MACLEAN, FRANCIS. (1718–1781). British officer. Commissioned as an ensign in the Cameronians in 1738 and promoted in 1742, Francis MacLean resigned in 1745 to join the Clan Maclean Battalion of the Jacobite army as a lieutenant. He became a fugitive after the battle of Culloden, in which insurgents challenged the rule of the British king. He joined the Dutch army, but resigned his Dutch commission in 1750, when he rejoined the British army and purchased a lieutenancy in the forty-second ("Black Watch") Regiment two years later. As a captain of this regiment he fought in Canada and the West Indies before taking part in the capture of Belle Isle, off Brittany, in 1761.
Having distinguished himself in Portugal during the years from 1762 to 1778, he was ordered back to England, promoted to brigadier general, and sent to Canada as governor of Halifax. After routing the Patriots who mounted the Penobscot expedition, a naval assault that took place from July to August 1779, MacLean returned to Halifax, where he died on 4 May 1781.
revised by Michael Bellesiles
"MacLean, Francis." Encyclopedia of the American Revolution: Library of Military History. . Encyclopedia.com. (November 14, 2018). https://www.encyclopedia.com/history/encyclopedias-almanacs-transcripts-and-maps/maclean-francis
"MacLean, Francis." Encyclopedia of the American Revolution: Library of Military History. . Retrieved November 14, 2018 from Encyclopedia.com: https://www.encyclopedia.com/history/encyclopedias-almanacs-transcripts-and-maps/maclean-francis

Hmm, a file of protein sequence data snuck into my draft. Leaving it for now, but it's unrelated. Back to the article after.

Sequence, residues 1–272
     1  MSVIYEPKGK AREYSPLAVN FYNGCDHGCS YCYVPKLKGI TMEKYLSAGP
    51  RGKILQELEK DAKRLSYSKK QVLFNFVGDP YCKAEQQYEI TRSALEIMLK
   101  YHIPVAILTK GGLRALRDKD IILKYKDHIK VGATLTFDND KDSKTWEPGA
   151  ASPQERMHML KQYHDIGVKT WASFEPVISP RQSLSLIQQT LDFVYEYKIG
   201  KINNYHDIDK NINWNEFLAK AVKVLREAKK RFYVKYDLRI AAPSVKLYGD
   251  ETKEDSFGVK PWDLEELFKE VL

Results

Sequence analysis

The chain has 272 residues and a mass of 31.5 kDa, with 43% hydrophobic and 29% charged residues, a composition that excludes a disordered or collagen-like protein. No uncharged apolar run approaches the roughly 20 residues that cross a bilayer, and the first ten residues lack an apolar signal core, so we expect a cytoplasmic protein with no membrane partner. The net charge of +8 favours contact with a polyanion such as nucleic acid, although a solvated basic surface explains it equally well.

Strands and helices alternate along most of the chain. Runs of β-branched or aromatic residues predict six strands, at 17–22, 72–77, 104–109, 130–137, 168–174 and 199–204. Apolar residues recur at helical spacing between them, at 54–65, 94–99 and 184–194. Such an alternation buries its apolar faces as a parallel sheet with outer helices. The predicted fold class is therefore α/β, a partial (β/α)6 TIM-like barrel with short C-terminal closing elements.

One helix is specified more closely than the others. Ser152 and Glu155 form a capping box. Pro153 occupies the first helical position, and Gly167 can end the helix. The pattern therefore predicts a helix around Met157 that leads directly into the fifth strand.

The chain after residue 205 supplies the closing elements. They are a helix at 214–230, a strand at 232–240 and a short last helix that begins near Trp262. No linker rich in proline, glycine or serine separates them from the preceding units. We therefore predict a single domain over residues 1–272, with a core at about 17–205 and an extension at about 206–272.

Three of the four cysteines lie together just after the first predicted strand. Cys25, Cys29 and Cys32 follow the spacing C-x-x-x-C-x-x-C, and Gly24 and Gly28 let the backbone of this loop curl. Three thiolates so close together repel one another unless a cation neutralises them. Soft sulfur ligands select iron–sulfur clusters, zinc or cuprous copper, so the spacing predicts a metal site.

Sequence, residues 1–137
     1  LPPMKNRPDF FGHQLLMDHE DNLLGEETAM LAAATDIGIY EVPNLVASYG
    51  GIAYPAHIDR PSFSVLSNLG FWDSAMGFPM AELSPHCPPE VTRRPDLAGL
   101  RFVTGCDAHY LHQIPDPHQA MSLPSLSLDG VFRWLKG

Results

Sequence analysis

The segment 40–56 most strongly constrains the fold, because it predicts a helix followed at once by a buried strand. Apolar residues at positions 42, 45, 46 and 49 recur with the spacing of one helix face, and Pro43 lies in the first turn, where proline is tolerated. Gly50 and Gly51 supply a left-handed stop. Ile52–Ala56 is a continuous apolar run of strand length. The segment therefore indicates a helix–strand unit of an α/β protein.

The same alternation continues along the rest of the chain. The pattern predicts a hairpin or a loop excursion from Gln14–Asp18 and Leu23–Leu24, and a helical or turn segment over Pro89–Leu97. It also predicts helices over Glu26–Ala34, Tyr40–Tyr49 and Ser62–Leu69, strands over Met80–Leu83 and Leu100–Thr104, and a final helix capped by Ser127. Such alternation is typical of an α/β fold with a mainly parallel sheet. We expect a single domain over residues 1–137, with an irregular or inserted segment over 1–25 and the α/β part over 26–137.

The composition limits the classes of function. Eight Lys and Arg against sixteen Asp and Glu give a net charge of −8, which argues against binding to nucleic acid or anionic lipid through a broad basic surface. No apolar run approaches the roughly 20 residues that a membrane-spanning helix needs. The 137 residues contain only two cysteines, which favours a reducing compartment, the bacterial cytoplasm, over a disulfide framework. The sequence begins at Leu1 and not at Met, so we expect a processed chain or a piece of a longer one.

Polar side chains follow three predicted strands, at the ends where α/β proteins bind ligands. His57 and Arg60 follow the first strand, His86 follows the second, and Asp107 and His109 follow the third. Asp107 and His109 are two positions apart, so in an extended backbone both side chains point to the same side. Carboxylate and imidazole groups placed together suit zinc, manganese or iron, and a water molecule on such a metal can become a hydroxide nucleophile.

Encyclopedia.com gives you the ability to cite reference entries and articles according to common styles from the Modern Language Association (MLA), The Chicago Manual of Style, and the American Psychological Association (APA).
Within the “Cite this article” tool, pick a style to see how all available information looks when formatted according to that style. Then, copy and paste the text into your bibliography or works cited list.
Because each style has its own formatting nuances that evolve over time and not all information is available for every reference entry or article, Encyclopedia.com cannot guarantee each citation it generates. Therefore, it’s best to use Encyclopedia.com citations as a starting point before checking the style against your school or publication’s requirements and the most-recent information available at these sites:
Modern Language Association
The Chicago Manual of Style
American Psychological Association
- Most online reference entries and articles do not have page numbers. Therefore, that information is unavailable for most Encyclopedia.com content. However, the date of retrieval is often important. Refer to each style’s convention regarding the best way to format page numbers and retrieval dates.
- In addition to the MLA, Chicago, and APA styles, your school, university, publication, or institution may have its own requirements for citations. Therefore, be sure to refer to those guidelines when editing your bibliography or works cited list.